passlib.hash.mssql2005 - MS SQL 2005 password hash


This algorithm is not considered secure by modern standards. It should only be used when verifying existing hashes, or when interacting with applications that require this format. For new code, see the list of recommended hashes.

New in version 1.6.

This class implements the hash algorithm used by Microsoft SQL Server 2005 to store its user account passwords, replacing the slightly less secure mssql2000 variant. This class can be used directly as follows:

>>> from passlib.hash import mssql2005 as m25

>>> # hash password
>>> h = m25.hash("password")
>>> h

>>> # verify password
>>> m25.verify("password", h)
>>> m25.verify("letmein", h)

See also


class passlib.hash.mssql2005

This class implements the password hash used by MS-SQL 2005, and follows the PasswordHash API.

It supports a fixed-length salt.

The using() method accepts the following optional keywords:

  • salt (bytes) – Optional salt string. If not specified, one will be autogenerated (this is recommended). If specified, it must be 4 bytes in length.
  • relaxed (bool) – By default, providing an invalid value for one of the other keywords will result in a ValueError. If relaxed=True, and the error can be corrected, a PasslibHashWarning will be issued instead. Correctable errors include salt strings that are too long.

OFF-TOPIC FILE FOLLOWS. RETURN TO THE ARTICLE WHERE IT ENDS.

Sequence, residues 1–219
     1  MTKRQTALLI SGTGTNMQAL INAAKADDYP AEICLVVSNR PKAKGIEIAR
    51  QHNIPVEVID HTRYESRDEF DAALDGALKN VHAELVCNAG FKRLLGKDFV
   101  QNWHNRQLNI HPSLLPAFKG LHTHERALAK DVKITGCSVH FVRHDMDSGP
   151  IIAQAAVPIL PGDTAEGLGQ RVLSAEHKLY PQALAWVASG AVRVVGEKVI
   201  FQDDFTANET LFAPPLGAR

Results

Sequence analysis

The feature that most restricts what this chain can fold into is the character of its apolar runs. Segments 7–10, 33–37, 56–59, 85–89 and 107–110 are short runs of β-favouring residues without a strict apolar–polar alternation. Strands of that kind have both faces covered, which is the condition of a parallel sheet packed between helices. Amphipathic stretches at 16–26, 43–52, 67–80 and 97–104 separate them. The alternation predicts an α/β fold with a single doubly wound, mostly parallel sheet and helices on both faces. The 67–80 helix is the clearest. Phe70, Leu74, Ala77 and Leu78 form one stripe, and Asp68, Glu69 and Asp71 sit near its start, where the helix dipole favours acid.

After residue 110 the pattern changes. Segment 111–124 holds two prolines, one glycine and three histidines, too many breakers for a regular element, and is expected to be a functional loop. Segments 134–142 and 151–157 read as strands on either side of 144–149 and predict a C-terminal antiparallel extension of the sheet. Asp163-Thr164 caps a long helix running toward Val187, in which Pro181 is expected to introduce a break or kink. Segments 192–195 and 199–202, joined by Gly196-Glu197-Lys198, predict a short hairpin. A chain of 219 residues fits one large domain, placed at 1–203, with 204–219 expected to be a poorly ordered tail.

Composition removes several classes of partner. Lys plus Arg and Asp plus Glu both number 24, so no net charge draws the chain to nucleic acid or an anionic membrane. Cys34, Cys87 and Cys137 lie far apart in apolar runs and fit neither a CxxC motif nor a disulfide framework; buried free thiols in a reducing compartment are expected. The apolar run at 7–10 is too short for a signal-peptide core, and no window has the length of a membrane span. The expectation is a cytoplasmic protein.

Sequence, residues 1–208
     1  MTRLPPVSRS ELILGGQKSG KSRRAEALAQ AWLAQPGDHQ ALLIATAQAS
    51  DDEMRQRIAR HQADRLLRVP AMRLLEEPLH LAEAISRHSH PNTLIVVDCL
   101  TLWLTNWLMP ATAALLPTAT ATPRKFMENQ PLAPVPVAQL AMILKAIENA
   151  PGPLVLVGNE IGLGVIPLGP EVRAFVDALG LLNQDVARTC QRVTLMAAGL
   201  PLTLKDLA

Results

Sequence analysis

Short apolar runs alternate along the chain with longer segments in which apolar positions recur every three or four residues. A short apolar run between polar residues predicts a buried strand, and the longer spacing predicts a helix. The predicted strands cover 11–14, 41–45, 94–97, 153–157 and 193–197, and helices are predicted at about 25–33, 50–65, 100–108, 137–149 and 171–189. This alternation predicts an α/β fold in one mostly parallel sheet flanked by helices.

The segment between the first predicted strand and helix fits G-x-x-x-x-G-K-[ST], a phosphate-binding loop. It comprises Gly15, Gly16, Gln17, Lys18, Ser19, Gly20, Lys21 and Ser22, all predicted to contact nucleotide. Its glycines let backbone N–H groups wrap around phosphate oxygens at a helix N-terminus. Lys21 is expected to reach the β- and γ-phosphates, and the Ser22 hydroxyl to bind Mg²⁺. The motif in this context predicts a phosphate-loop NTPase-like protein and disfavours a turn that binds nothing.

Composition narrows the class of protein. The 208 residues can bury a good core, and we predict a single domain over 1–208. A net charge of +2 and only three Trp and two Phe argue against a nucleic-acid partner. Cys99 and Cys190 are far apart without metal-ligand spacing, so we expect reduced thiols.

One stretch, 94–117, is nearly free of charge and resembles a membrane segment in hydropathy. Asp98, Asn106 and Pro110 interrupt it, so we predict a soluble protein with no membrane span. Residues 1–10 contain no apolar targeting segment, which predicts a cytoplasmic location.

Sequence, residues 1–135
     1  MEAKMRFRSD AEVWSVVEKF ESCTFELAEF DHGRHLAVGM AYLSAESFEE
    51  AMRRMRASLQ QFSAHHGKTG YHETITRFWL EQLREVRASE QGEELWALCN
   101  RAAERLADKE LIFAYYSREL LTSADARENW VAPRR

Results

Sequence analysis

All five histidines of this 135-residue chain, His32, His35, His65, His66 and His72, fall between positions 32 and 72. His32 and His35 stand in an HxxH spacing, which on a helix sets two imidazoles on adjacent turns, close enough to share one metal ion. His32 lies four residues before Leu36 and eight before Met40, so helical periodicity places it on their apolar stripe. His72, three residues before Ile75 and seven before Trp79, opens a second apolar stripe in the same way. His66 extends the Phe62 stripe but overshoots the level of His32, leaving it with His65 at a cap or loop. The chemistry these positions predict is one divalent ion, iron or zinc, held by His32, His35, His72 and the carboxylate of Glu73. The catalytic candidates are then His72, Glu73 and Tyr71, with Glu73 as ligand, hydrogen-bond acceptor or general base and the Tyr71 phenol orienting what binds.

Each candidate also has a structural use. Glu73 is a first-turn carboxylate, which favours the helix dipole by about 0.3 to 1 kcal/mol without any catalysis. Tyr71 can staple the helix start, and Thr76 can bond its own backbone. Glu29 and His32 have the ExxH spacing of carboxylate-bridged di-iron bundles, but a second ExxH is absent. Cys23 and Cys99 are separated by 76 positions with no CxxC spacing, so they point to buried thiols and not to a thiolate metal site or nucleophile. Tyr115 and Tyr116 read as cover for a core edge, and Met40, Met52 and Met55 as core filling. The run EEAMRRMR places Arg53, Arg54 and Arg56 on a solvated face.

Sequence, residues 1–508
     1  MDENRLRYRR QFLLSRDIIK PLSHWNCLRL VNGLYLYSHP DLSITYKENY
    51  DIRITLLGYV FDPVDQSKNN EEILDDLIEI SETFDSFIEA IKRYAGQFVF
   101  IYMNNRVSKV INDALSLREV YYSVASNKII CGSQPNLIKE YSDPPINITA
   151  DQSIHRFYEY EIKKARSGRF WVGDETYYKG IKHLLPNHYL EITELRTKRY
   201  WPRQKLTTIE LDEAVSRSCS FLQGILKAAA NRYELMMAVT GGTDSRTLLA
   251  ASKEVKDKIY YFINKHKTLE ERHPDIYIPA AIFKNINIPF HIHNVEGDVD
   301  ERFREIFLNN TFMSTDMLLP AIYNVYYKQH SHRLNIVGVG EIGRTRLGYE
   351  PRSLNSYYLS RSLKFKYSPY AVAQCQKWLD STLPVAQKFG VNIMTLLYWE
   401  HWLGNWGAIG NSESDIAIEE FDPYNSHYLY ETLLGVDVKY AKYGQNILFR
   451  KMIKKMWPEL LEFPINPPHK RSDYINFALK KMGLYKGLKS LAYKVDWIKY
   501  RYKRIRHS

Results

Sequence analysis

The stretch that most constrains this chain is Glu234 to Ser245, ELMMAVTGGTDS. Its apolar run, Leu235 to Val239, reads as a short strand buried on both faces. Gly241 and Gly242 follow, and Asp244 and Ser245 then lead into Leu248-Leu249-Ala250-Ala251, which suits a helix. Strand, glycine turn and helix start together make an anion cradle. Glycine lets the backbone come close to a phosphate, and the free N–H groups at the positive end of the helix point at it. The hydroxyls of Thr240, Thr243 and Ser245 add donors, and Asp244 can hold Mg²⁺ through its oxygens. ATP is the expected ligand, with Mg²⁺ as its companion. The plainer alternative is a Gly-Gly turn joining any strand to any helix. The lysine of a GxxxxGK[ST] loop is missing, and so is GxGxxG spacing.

Format & Algorithm

MSSQL 2005 hashes are usually presented as a series of 52 upper-case hexadecimal characters, prefixed by 0x. An example MSSQL 2005 hash (of "password"):


This encodes 26 bytes of raw data, consisting of:

  • a 2-byte constant 0100
  • 4 byte of salt (6ACDF9FF in the example)
  • 20 byte digest (5D2E211B392EEF1175EFFE13B3A368CE2F94038B in the example).

The digest is generated by encoding the unicode password using UTF-16-LE, and calculating SHA1(encoded_secret + salt).

This format and algorithm is identical to mssql2000, except that this hash omits the 2nd case-insensitive digest used by MSSQL 2000.


MSSQL 2005 hashes do not actually have a native textual format, as they are stored as raw bytes in an SQL table. However, when external programs deal with them, MSSQL generally encodes raw bytes as upper-case hexadecimal, prefixed with 0x. This is the representation Passlib uses.

Security Issues

This algorithm is reasonably weak, and shouldn’t be used for any purpose besides manipulating existing MSSQL 2005 hashes. This mainly due to its simplicity, and years of research on high-speed SHA1 implementations, which makes efficient brute force attacks feasible.


[1]Overview hash algorithms used by MSSQL -
[2]Description of MSSQL 2000/2005 algorithm -